Sunday, February 6, 2011

Creme Brulee

A dessert usually seen on restaurant menus, and less often on the home cook's kitchen table... creme brulee is an unjustifiably feared dish to prepare. This recipe makes an intimidating dessert very easy. Not only that, but it is also one of the best version of creme brulee I've had. Often, creme brulee is too firm, eggy, sweet, and/or runny. This recipe makes a rich, velvety custard. The recipe I use is adapted from the one found in "Coffee: The Essential Guide to the Essential Bean". It can be found on Amazon at


9 egg yolks

1/2 cup sugar

pinch of salt

1 tsp real vanilla extract

1 cup of half and half

3 cups of cream

sugar for caramelizing

Oven: 325 F

In a large bowl, whisk egg yolks along with sugar, salt and vanilla until slightly lightened in color and sugar is well incorporated. At the same time: in a large saucepan, heat cream and half and half over medium heat until a skin forms on top. Remove from heat. Add about 1/3 of the hot cream to the egg yolk mixture, whisking continually. Once well incorporated, add yolk/cream mixture back into hot cream -- again, whisking the whole time. Once well blended, pour mixture through a wire mesh strainer back into the original bowl. Place 6 Pyrex custard cups in a 9x13 cake pan. Fill custard cups with the creme brulee mixture, nearly to the top but leave enough room to move the pan without spilling the custard. Place on oven rack of preheated oven. Pour hot or boiling water into the pan around the custard cups until it comes about 1/2 of the way up the sides of the cups. Cook for 40-60 minutes until edges look set but the center (size of a quarter to half dollar) is still wobbly. Remove from oven. Take custard cups out of water bath and place on a rack to cool to room temperature. Cover each cup with a square of plastic wrap and refrigerate until cold.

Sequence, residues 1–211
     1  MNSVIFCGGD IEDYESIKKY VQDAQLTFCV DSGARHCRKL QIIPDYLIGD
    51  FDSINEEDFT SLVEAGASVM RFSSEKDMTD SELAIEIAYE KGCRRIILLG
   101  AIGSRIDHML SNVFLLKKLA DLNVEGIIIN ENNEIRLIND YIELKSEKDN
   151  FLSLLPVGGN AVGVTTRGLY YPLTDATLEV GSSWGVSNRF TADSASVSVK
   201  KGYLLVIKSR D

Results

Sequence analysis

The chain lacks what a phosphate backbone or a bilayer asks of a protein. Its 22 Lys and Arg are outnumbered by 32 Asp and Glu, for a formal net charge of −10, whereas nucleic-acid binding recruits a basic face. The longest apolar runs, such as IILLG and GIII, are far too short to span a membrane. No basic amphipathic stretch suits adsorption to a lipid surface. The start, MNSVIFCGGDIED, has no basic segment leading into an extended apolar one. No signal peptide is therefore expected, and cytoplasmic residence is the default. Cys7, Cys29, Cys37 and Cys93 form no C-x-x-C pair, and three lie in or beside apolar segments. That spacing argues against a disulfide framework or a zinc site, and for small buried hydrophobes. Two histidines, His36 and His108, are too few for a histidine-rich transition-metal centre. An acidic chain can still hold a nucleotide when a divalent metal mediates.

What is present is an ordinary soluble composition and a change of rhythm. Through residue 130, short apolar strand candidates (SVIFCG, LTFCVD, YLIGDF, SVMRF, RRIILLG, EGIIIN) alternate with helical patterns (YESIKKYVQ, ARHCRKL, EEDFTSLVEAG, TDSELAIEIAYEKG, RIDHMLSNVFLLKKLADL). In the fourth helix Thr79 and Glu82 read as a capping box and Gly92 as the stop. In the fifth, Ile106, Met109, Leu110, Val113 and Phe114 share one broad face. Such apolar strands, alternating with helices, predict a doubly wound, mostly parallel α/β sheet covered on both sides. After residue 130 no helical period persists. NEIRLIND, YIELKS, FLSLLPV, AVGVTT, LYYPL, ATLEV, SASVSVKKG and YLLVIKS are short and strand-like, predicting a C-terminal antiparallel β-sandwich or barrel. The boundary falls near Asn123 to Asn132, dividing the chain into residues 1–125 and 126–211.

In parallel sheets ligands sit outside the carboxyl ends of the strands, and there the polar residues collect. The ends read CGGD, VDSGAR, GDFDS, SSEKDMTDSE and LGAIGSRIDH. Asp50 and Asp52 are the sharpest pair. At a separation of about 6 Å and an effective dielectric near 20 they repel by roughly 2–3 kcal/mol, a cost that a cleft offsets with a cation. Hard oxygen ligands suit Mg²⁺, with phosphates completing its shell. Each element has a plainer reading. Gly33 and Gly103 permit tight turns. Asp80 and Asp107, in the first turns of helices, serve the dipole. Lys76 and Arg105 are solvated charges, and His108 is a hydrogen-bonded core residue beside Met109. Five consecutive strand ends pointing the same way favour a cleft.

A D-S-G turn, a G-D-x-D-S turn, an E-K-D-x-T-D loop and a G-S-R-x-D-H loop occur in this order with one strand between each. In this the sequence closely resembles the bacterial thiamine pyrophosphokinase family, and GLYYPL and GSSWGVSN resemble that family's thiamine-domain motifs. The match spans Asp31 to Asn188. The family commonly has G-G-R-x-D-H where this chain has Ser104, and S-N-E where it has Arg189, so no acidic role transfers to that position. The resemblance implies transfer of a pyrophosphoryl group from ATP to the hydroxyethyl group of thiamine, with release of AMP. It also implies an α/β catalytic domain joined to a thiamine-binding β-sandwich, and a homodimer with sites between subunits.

For serving: sprinkle a teaspoon or so of sugar on the top of each custard. Using either a dessert torch or small propane torch, gently melt the sugar on the tops of the custard until is is a deep brown and no sugar crystals remain. This part takes a bit of practice, but the mistakes are tasty. I use a standard handyman's propane torch... it cost me all of $12 at the hardware store. I find it works better than the small butane culinary torches and costs about 1/4 of the price. Not to mention the propane torch is useful for other things than just melting sugar. Let the desserts sit for about a minute to let the sugar harden, then serve immediately with a cup of freshly made strong coffee, or perhaps a dark porter or stout beer to cut the richness.

1 comment:

Zanne Rose said...

Oh, that looks heavenly. I wish you hadn't told Lou about the $12 torch - he really wants one. I don't think anyone in this house would be safe with one. Maybe Bev, because she would actually read the directions.